Ethical issues as scientists peek into baby genes
WASHINGTON (AP) - Little Amelia Sloan is a pioneer: Shortly after her birth, scientists took drops of the healthy baby's blood to map her genetic code.
Amelia is part of a large research project that is decoding the DNA of hundreds of infants. New parents soon can start signing up for smaller studies to explore if what's called genome sequencing - fully mapping someone's genes to look for health risks - should become a part of newborn care.
It's full of ethical challenges.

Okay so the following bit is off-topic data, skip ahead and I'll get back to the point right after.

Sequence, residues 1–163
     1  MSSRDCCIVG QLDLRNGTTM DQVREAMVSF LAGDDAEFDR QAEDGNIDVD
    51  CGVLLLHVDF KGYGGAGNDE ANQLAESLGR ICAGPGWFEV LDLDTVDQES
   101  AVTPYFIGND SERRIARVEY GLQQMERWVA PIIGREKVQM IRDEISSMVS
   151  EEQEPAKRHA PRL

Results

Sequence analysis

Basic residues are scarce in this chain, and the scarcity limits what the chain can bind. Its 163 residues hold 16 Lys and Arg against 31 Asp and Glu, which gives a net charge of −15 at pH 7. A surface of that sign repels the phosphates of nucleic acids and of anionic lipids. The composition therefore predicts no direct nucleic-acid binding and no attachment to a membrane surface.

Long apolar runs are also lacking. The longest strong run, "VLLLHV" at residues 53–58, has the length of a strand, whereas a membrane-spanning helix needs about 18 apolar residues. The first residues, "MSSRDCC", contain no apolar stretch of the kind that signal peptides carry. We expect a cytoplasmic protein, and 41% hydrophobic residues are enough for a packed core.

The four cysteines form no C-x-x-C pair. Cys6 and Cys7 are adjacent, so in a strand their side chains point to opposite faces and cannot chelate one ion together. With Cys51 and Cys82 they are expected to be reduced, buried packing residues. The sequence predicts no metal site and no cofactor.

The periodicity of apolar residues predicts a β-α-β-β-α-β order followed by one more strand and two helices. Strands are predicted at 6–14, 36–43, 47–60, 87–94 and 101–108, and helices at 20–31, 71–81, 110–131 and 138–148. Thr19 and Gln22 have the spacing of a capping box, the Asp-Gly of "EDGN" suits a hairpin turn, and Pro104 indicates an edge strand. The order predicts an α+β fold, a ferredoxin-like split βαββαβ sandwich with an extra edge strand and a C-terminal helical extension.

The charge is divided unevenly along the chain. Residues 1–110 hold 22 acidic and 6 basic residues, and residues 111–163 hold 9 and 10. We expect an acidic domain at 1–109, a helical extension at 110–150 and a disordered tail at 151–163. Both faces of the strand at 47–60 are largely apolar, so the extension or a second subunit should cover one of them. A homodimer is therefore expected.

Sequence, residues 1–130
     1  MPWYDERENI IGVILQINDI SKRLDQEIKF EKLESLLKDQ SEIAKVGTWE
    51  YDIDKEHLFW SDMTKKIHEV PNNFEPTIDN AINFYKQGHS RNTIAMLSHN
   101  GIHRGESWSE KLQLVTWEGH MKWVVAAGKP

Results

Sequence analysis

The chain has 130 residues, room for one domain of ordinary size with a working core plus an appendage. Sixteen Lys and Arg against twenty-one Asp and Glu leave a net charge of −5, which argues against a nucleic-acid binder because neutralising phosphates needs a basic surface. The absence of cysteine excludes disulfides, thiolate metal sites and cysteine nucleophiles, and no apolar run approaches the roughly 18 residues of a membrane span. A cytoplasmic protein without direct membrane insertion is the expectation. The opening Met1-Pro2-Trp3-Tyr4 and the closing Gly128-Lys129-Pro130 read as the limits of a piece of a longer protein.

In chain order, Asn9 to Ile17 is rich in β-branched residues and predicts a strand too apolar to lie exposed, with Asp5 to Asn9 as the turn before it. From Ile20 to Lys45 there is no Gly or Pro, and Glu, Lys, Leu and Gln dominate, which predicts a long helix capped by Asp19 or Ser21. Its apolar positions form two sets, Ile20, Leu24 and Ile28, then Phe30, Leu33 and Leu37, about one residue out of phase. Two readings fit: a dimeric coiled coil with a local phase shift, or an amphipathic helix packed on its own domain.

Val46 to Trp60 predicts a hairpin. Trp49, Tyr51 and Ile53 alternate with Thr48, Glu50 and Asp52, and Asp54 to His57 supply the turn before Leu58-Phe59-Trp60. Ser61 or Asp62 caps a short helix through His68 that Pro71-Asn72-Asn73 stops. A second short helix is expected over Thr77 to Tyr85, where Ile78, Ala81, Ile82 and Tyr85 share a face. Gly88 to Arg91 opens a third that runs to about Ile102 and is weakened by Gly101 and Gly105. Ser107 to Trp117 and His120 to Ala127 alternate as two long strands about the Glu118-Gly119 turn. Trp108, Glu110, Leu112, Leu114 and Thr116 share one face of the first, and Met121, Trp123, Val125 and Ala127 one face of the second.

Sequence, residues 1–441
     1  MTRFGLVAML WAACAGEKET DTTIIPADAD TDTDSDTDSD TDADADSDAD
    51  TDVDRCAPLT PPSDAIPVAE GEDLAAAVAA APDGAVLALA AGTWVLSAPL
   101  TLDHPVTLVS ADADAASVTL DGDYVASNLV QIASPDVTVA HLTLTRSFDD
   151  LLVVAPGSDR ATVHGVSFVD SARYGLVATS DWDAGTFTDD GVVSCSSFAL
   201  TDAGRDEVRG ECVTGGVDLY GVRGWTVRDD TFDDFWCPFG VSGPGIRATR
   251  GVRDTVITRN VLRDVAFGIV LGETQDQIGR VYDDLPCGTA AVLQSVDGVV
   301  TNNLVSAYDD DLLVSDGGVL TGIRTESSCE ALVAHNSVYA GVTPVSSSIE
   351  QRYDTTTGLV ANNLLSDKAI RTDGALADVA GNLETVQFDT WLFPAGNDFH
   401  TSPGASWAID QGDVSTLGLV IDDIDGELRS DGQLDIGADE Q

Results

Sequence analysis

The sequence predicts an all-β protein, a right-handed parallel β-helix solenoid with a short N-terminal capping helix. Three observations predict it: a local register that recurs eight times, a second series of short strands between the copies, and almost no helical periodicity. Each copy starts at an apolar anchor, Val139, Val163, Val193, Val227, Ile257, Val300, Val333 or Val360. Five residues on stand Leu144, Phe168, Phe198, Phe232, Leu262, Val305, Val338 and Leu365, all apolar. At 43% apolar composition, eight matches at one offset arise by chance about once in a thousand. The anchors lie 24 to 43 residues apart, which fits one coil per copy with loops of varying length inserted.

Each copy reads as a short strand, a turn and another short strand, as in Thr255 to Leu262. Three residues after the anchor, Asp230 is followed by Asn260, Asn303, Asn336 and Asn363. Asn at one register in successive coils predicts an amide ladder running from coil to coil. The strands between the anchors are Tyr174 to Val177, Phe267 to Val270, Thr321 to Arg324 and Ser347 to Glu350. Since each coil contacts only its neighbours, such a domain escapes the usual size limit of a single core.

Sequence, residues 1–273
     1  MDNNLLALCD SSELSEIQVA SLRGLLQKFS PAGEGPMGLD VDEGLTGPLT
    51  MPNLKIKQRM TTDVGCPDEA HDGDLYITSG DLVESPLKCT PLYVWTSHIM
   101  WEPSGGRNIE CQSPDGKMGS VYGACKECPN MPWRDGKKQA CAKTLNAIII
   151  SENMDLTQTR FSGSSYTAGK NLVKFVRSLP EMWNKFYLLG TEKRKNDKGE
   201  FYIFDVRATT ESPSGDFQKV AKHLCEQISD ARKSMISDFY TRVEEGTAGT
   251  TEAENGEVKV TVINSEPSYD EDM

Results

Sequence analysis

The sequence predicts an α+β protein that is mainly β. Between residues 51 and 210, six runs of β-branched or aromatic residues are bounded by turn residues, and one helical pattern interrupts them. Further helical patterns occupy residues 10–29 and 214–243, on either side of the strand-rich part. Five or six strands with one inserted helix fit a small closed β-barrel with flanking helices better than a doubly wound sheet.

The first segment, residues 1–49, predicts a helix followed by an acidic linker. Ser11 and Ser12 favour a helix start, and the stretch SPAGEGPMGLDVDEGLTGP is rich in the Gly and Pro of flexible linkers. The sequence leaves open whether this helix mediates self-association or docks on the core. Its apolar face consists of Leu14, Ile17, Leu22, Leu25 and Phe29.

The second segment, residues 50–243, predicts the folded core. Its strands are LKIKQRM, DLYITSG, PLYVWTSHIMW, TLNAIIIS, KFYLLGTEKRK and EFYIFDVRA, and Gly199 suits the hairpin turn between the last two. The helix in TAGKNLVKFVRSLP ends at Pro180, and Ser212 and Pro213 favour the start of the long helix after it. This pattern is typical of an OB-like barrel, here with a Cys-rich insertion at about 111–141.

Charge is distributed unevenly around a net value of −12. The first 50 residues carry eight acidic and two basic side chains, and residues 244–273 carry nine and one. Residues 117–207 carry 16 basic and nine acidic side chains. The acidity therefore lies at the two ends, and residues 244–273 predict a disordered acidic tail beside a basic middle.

Should parents be told only about childhood threats? Or would they also want to learn if their babies carried a key gene for, say, breast cancer after they're grown? Could knowing about future risks alter how a family treats an otherwise healthy youngster? And how accurate is this technology - could it raise too many false alarms? This is the newest frontier in the genetic revolution: how early to peek into someone's DNA, and how to make use of this health forecast without causing needless worry.